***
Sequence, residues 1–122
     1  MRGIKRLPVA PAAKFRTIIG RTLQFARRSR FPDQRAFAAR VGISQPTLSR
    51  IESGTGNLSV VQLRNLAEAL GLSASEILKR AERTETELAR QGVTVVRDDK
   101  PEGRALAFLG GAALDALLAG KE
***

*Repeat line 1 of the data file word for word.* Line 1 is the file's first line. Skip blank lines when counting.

Sequence, residues 1–122